Zelensky, after sucking like a black hole at being president for more than two years, has finally found his feet, and gratefully stepped into his role as The Churchill Of Our Time – after all, he’s an actor, not a politician. As an actor, he is employed in his comfort zone, haranguing the world to accept Ukraine into the EU, send it weapons to fight off the filthy Moskali, send it money. Appearing ‘in his trademark army-green T-shirt’ which nobody ever saw him wear before last week, Zelensky is everywhere; charming, witty, selling his impoverished and corrupt country as a latter-day Sparta which cannot be allowed to lose because it is the lamp at the edge of darkness. Conveniently, all the damage to the country which has lain unattended since the ‘Anti-Terrorist Operation’ kicked off under Poroshenko can now be blamed on the Russians and their fixation with blowing stuff up.  Did you know the second-most-moral army in the world (after Israel) is siting its artillery and armor in and around residential areas and schools so the Russians dare not shoot at it? Yes, I know – we always hear that; the western media knee-jerk reports it in every military conflict in which the west has taken sides, attributing this cold-bloodedness to the enemy. Well, listen to it from the locals in Kharkov.  The propaganda war is going white-hot, as material deemed ‘disinformation’ or ‘inappropriate’ or ‘misleading’ is removed from the internet to free up the usual interests, in their drive to steamroller the general public into something foolish that cannot be taken back. In this immediate instance, it is the light-speed acceptance of Ukraine into the EU. Yesterday, Versailles hosted a meeting of EU leaders on what to do about Ukraine. The Churchill Of Our Time was unhappy with the outcome, to say the least, and had this Churchillian insight:

“We know what was discussed at that meeting, what all the leaders talked about. We know who supported us, who kept silent, and who tried to make the wording insufficient for the Ukraine and for our freedom.”https://ic.pics.livejournal.com/everstti_rymin/3187329/6781053/6781053_original.jpg

Yes, that’s right – a just Europe would gather the latest ‘fledgling democracy’ to its breast and comfort it…but keep one hand on its sword as it was immediately plunged into war with a major nuclear power. I know Macron often comes off as if he had just been struck by a loose truck tire rolling downhill, but he really is not quite that stupid. Remember, European leaders are very likely considering how they could re-source their energy needs for their own country in the event of the interruption of energy supplies from Russia. I feel very confident in suggesting to you that nobody is thinking yet how the dependency of their EU partners is going to be met so that the Union can endure.

Inflation in the US economy ‘took a turn for the worse in February’; yes, I guess you could say that – it took the biggest 12-month bounce in 40 years.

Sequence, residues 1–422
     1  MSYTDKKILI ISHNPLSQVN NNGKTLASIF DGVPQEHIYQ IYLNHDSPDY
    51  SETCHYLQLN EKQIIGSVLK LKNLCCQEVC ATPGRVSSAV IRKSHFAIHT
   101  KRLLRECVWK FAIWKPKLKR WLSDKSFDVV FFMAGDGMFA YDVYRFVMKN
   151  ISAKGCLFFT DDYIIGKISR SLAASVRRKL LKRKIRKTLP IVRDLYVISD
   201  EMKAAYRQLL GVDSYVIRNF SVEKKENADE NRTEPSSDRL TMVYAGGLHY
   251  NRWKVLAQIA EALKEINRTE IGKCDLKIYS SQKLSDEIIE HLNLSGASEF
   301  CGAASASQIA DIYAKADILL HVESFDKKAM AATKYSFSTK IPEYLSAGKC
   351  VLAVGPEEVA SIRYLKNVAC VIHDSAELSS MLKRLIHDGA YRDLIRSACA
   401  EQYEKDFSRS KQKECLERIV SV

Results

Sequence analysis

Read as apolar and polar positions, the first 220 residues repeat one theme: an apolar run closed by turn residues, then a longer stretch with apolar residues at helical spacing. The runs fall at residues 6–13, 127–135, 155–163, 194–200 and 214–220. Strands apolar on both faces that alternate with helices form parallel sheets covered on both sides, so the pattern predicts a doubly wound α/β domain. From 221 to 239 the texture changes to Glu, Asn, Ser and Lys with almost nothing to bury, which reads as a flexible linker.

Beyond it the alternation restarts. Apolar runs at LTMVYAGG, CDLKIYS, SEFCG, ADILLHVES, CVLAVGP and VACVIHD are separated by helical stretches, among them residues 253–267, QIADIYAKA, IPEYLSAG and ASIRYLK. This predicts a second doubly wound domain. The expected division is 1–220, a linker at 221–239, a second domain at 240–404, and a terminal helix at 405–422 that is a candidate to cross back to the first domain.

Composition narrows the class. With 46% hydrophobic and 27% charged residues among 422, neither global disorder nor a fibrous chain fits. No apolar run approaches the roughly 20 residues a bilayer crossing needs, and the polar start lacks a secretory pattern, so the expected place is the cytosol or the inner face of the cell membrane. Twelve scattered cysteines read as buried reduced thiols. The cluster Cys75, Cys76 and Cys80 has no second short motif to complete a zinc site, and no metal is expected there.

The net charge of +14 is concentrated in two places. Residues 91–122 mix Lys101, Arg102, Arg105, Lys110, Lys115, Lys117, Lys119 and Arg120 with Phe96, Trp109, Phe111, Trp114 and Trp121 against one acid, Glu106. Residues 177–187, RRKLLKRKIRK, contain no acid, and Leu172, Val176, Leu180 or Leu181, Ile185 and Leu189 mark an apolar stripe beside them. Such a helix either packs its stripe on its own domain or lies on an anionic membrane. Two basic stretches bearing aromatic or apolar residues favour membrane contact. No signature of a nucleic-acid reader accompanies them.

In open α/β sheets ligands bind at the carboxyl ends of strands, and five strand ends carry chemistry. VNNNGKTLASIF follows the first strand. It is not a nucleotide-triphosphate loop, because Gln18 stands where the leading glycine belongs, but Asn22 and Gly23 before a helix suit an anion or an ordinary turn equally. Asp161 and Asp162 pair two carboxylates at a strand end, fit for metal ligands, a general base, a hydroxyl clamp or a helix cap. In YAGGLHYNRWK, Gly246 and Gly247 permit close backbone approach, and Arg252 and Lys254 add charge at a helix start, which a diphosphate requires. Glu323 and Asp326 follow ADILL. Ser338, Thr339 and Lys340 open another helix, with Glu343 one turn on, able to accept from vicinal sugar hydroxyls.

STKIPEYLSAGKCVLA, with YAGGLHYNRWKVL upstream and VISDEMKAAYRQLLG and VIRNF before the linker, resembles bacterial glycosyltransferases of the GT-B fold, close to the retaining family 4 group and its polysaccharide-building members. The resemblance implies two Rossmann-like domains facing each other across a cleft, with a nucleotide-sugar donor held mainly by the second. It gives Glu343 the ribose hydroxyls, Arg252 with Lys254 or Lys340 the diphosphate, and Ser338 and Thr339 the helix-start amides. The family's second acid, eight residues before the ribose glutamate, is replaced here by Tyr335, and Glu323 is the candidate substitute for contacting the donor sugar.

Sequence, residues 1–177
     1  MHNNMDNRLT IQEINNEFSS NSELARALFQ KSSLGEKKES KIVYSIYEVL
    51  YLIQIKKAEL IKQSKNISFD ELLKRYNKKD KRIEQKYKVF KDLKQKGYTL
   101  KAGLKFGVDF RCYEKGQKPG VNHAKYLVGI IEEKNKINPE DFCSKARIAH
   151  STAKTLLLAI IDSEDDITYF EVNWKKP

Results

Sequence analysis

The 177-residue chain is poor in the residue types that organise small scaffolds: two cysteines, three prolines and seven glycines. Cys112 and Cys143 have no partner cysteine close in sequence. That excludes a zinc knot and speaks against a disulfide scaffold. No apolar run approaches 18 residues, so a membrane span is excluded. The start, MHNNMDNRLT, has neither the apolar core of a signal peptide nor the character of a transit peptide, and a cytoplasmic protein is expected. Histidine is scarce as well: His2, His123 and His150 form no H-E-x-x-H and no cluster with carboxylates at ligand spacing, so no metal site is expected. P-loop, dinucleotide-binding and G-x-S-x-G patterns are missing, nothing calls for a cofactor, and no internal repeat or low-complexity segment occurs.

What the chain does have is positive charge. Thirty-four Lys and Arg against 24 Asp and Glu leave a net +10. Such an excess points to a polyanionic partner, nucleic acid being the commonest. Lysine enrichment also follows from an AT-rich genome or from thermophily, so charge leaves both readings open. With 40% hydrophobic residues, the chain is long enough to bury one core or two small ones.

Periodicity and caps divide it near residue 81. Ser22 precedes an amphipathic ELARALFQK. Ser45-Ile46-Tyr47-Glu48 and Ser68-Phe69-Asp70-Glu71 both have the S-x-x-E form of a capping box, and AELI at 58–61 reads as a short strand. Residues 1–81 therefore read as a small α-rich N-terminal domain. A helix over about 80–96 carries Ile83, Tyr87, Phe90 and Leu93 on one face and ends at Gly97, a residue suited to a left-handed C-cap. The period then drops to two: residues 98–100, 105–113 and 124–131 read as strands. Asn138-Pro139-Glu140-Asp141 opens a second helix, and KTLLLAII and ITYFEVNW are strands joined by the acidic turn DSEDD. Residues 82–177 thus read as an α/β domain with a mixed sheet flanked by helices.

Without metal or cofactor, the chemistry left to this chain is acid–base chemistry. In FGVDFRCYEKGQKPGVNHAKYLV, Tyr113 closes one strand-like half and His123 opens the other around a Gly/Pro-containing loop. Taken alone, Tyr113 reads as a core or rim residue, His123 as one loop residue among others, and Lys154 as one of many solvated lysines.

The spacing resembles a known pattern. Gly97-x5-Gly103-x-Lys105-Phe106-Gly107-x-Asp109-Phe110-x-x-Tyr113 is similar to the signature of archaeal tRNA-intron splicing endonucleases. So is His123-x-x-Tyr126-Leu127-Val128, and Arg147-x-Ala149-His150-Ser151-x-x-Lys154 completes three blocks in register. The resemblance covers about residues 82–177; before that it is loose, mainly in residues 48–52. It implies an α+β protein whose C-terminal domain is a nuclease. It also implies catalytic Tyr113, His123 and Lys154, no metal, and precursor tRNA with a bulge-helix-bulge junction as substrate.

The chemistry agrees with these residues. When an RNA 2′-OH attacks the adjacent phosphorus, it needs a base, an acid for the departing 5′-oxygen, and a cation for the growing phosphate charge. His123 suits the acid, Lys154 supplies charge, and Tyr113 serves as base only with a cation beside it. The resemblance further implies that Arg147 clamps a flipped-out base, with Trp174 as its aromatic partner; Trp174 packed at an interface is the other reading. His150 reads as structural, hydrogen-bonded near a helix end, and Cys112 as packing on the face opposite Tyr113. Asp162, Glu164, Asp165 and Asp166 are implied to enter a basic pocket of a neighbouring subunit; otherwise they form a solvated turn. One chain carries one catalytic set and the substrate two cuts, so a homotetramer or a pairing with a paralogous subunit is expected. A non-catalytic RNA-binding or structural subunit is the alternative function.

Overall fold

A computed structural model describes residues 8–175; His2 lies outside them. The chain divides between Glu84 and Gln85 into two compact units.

“Inflation took a turn for the worse in February as U.S. consumer price growth rose by 7.9%, representing the largest 12-month increase since January 1982. Core CPI, which excludes volatile food and energy – and is the Fed’s preferred gauge of inflation – even advanced 6.4% Y/Y, according to the Labor Department’s Bureau of Labor Statistics. All the numbers were gathered before the supercharged commodity rally driven by Russia’s invasion of Ukraine, suggesting the red-hot inflation figures are nowhere close to peaking. As inflation surges, Adobe says online prices rise at record rates.”

Remember the lunatic behavior around the time mask mandates were imposed in the coronavirus hysteria? The panic-buying of toilet paper, shoppers with wall eyes and twitching fingers pushing groaning shopping carts in checkout lines that stretched all the way back to the rear of rapidly-emptying shelves? Get ready to see that again. Only this time, think flour. Russia, Ukraine and Belarus are all major global producers of grain. Oh, and vegetables: the countries we are currently ‘canceling’ to the furthest extent of our imaginations are major producers of potash and ammonia, the latter very natural-gas intensive and critical to the production of nitrogen-based fertilizers which are absolutely necessary for the world to produce enough agricultural output to feed itself. You know what? Let’s just say everything that is transported using fuel, because that has gone through the roof, too.

But at least we showed those Russians they can’t push Ukraine around.

The pivotal battle now is the one for Mariupol, and Ukraine is trumpeting atrocities to anyone who will listen, with pregnant actors doing double duty to showcase Armageddon. Mariupol is home base for the Neo-Nazi Azov Battalion, a designated terrorist organization in the west which relies significantly on recruiting white-supremacist and nationalist mercenaries from other countries. One of Russia’s stated objectives in the conflict is ‘de-Nazification’ of Ukraine, which it tried to achieve through the UN and was rebuffed by Canada, Ukraine, Palau and the United States, in a proud moment for free speech for Nazis. Because, you know, if the United States had let it pass, it would have been another victory for Russian disinformation.

“Today, however, the United States must express opposition to this resolution, a document most notable for its thinly veiled attempts to legitimize longstanding Russian disinformation narratives denigrating neighboring nations under the cynical guise of halting Nazi glorification. The United States Supreme Court has consistently affirmed the constitutional right to freedom of speech and the rights of peaceful assembly and association, including by avowed Nazis, whose hatred and xenophobia are widely scorned by the American people. At the same time, we steadfastly defend the constitutional rights of those who exercise their rights to combat intolerance and express strong opposition to the odious Nazi creed and others espousing similar hatreds.”

The Russians are just pretending to hate the Nazis because they want to use them as an excuse to attack Ukraine, see. Pay no mind to the Soviet Union having lost upward of 20 million of its citizens and soldiers in the Second World War, in which the primary opponent was the Nazis. The guys who really widely scorn the Nazis are the Americans, which is why we vote to let them say whatever they like. Because we can tolerate free speech. Except when we are downranking and eliminating internet discourse that is disinformation. What you don’t know won’t hurt you.